Dr. Thomas Abraham
Global Organization of People of Indian Origin
An unofficial estimate of the total number of people of Indian origin living outside India is about 20 million people.
LET US LOOK AT THE NUMBER GAME:
North America (Mostly USA & Canada) 2.8 Million
South America (Trinidad & Tobago, Guyana, Surinam, Jamaica, etc.) 2.0 million
Europe (U.K., Netherlands, Germany, Austria, Switzerland, etc.) 2.5 million
Africa (South Africa, Mauritius, East African countries, etc.) 2.5 million
Middle East (UAE, Saudi Arabia, Kuwait, etc.) 2.5 million
Far East & South East Asia (Malaysia, Singapore, Mayanmar, etc.) 2.5 million
Pacific Island (Fiji, Australia, New Zealand) 0.7 million
Srilanka and Nepal 4.5 million
Total 20.0 million
Note: Since hard numbers have not been available, these are approximate estimates.
Of the 20 million, about 50% constitute the first generation immigrants from India and their immediate families. This is the group one should reach for investments and business collaborations in India. Where are these communities? They are in USA, Canada, U.K. and other European countries, Australia and Southeast and Far Eastern countries.
With over 20 million people of Indian origin living outside India, a new global community of Indian origin has been developed. Most of the people of Indian origin have become highly successful in business and the profession. If their professional expertise and financial resources are to be pooled together, it will benefit not only people of Indian origin but also their countries and India. In addition, people of Indian origin could assume a new role in providing help in case of crisis to their communities around the world.
As a first step toward bringing our communities together, the Indian American community took the initiative to organize the First Global Convention of People of Indian Origin. The triggering point for the global Indian community to come together was, when an elected Indian dominated government in Fiji was thrown out by a military dictator in 1987. At the First Global Convention held in New York in 1989, the major concern at the first convention was human rights violations of people of Indian origin, whether in Fiji, Guyana, Trinidad, South Africa, Sri Lanka, United Kingdom or the United States, where Indians were facing the dotbuster menace. The Global Organization of People of Indian Origin (GOPIO) was formed to network our communities and take up issues such as human rights violations that Indians faced around the world. GOPIO filed petitions at the UN and an effort was made to fight these issues.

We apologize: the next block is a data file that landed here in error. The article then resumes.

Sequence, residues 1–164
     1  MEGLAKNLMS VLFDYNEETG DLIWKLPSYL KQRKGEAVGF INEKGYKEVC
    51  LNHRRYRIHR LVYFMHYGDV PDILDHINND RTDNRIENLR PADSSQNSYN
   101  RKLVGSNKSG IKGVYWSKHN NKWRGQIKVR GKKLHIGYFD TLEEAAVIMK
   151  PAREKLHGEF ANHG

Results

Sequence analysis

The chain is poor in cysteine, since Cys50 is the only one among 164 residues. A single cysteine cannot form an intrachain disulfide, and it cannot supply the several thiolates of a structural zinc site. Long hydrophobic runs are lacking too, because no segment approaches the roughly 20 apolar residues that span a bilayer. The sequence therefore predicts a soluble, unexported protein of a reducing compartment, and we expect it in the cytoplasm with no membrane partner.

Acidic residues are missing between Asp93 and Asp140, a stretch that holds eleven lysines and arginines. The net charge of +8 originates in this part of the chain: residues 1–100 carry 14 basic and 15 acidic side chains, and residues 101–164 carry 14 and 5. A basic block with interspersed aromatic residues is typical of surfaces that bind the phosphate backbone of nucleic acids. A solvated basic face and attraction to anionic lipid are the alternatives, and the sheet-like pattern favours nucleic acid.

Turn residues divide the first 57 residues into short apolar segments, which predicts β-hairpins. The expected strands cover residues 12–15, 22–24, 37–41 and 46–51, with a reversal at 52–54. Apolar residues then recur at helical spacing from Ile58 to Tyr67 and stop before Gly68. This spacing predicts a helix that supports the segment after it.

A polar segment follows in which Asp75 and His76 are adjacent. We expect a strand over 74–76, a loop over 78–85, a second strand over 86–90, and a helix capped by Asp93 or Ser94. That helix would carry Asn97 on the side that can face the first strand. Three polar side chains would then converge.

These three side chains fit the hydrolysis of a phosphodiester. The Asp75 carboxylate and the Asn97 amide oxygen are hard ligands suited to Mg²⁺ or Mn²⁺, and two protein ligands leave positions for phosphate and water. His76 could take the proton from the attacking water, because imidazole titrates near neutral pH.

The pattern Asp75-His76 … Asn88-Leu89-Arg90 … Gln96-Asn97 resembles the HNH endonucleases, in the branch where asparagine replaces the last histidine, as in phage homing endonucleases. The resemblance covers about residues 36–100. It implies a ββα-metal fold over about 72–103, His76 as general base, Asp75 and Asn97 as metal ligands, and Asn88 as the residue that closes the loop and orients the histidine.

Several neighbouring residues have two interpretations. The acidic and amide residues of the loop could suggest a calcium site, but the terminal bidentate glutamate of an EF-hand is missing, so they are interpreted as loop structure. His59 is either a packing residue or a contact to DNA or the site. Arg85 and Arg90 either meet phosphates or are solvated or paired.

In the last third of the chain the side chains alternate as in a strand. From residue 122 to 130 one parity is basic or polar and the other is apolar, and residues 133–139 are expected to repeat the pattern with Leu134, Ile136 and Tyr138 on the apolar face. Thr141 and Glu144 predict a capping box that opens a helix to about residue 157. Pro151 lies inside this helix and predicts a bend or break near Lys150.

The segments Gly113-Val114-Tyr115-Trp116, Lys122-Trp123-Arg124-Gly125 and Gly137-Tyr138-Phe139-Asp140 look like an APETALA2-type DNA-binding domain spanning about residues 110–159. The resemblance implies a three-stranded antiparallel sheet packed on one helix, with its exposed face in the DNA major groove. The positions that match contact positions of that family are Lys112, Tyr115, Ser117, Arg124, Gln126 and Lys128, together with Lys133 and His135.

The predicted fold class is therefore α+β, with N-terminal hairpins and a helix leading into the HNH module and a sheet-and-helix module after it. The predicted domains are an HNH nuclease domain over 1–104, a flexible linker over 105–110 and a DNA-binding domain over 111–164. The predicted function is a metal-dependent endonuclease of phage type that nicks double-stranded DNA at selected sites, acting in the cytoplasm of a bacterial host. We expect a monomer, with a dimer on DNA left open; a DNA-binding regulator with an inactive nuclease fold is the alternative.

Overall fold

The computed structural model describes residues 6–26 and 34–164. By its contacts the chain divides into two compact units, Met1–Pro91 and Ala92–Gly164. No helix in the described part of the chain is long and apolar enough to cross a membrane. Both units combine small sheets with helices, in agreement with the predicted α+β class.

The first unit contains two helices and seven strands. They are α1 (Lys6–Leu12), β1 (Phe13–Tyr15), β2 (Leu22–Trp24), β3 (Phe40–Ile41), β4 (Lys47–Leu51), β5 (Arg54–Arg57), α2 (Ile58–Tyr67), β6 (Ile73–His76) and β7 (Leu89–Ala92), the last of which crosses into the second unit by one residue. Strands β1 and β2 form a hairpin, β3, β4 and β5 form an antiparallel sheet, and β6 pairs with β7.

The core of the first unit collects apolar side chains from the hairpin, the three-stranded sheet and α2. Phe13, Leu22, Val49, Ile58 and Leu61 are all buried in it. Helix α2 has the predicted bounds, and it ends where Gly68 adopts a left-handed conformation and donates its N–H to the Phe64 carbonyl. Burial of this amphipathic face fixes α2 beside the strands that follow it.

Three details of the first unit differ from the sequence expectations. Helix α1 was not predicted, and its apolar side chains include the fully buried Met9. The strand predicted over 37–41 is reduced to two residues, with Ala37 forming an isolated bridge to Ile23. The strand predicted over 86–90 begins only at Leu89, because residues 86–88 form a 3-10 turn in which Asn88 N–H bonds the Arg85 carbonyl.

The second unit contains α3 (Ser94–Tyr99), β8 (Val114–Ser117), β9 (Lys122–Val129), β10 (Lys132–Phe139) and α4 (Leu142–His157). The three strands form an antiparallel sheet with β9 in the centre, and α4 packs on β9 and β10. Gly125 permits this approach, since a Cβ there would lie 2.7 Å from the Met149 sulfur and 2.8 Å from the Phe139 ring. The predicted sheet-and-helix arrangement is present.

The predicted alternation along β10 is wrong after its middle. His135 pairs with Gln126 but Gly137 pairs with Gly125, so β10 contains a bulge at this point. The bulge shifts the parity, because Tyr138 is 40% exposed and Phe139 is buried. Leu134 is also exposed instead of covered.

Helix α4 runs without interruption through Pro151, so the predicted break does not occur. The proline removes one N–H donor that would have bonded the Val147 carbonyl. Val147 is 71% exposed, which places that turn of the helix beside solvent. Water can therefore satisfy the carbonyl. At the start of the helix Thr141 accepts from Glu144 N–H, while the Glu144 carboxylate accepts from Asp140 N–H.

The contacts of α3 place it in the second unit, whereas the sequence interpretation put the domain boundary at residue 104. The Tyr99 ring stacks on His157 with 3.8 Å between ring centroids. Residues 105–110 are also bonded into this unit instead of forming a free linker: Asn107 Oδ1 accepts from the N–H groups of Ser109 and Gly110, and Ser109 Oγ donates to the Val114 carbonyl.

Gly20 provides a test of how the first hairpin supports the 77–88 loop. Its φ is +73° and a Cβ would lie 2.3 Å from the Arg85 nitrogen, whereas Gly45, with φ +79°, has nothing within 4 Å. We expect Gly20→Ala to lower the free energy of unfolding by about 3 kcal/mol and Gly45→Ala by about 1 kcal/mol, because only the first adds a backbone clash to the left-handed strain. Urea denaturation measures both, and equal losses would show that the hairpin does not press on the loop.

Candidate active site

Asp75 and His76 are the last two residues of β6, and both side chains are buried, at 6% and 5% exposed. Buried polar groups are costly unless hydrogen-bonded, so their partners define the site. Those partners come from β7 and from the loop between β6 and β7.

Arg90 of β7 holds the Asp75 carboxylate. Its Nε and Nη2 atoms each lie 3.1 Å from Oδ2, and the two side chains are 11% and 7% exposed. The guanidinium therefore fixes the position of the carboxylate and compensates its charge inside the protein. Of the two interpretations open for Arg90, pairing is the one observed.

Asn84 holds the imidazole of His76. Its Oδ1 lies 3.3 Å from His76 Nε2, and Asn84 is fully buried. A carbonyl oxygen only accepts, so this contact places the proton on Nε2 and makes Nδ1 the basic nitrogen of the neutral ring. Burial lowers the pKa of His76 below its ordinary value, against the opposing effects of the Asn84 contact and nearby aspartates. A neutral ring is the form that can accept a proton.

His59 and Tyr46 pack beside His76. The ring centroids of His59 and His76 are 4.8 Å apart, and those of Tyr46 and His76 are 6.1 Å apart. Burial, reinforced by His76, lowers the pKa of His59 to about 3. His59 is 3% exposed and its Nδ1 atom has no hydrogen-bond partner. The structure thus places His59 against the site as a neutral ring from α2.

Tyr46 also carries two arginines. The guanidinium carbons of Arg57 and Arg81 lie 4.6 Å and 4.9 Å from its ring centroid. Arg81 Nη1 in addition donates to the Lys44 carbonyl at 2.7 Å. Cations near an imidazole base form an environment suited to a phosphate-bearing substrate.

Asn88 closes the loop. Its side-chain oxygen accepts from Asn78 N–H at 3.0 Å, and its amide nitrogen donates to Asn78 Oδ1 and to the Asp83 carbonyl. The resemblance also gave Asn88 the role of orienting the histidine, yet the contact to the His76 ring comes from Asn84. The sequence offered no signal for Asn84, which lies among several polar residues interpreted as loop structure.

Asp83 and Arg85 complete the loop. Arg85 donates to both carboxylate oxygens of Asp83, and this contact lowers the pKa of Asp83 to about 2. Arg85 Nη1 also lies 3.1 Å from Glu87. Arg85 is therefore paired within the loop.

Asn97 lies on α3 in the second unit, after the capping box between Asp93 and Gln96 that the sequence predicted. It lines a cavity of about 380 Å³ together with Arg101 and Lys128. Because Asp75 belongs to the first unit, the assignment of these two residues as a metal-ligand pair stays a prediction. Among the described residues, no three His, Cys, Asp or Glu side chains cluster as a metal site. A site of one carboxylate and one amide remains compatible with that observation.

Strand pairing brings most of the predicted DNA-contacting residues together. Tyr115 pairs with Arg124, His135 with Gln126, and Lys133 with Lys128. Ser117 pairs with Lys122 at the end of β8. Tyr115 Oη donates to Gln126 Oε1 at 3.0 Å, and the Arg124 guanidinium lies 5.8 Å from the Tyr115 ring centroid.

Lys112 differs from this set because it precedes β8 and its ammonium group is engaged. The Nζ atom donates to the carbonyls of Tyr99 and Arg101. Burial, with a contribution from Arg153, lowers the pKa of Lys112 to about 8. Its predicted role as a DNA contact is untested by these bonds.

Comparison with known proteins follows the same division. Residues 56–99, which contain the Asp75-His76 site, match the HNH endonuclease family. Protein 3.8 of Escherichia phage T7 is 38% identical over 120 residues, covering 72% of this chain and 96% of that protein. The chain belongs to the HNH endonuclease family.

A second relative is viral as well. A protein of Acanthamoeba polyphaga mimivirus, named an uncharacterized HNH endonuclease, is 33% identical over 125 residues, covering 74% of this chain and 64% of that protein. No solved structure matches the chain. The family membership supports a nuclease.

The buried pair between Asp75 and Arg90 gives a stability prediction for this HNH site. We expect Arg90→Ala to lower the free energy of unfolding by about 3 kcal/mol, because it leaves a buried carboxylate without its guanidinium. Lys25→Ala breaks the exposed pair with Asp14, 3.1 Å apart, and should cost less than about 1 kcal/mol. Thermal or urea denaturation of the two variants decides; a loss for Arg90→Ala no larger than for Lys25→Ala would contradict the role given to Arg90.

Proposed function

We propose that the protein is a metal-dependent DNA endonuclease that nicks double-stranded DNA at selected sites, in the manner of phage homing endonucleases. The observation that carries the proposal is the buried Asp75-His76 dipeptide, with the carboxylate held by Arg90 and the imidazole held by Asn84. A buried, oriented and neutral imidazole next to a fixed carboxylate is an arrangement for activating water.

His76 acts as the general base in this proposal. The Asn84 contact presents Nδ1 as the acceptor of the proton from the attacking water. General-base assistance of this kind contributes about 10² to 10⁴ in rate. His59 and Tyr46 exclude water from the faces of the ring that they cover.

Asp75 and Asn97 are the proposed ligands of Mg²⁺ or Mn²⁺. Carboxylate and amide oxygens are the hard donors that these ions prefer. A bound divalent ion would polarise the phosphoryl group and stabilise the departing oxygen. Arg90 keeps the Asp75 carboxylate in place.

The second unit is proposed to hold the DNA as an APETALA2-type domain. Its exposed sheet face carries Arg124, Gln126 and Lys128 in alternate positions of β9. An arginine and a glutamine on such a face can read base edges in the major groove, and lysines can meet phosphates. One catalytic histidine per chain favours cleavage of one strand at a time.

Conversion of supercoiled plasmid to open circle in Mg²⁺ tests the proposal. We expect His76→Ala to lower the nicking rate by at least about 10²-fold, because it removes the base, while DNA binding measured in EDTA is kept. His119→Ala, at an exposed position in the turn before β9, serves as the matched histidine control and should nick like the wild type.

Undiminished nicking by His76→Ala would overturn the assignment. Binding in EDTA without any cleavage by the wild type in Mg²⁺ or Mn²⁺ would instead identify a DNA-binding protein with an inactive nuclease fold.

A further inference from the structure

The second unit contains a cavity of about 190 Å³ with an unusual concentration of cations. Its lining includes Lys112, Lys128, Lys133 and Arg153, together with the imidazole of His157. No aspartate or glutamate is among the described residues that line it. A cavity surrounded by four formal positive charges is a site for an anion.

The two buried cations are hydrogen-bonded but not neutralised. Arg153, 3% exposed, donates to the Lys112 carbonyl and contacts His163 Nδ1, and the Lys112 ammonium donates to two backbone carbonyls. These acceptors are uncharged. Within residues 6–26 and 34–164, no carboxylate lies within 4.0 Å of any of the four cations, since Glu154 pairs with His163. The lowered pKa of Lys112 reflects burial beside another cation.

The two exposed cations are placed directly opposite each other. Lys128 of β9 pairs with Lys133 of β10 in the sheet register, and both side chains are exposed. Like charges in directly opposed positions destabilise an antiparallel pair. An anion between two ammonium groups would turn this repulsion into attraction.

In the last decade, the world has changed, so are the people of Indian origin (PIO) communities. Indian-dominated parties have come to power in Guyana and Trinidad. South Africa has several Indian ministers. Human rights violations or being on the political sidelines are not major issues for the global Indians today. NRIs and PIOs are more interested in creating economic opportunities, and pooling their professional and financial resources to benefit themselves and India. Our organization, GOPIO believes that this is the platform to bring our global Indian communities together. Toward this goal, GOPIO has formed GOPIO Business Council last year and has been providing forums to meet and interact with businessmen and industrialists from different parts of the world as well as with political leaders who are instrumental in business promotion between the PIOs and NRIs. GOPIO Business Council has been focusing its efforts to cater the needs of small and medium businessmen from our NRI/PIO communities to network and promote collaborations.
There are enormous opportunities for NRIs/PIOs to get actively involved in India's development as well as support various philanthropic and social service activities. Many NRIs and NRI organisations have set up schools in their villages and towns, others have been supporting social and environmental causes.
Now, let us look at the global potential: I categorize them as capital, technical expertise and business expertise. Fortunately, our NRIs/PIOs have all of them. The year 2000 economic output of NRIs and PIOs are estimated to be $400 billion, almost the same as the total GDP of India. However, this year’s total NRI foreign direct investment has been only Rs. 900 crores (about $200 million), which is a small amount compared to the potential. Of these Maharashtra toped the list followed by Delhi, Andhra Pradesh and Karnataka.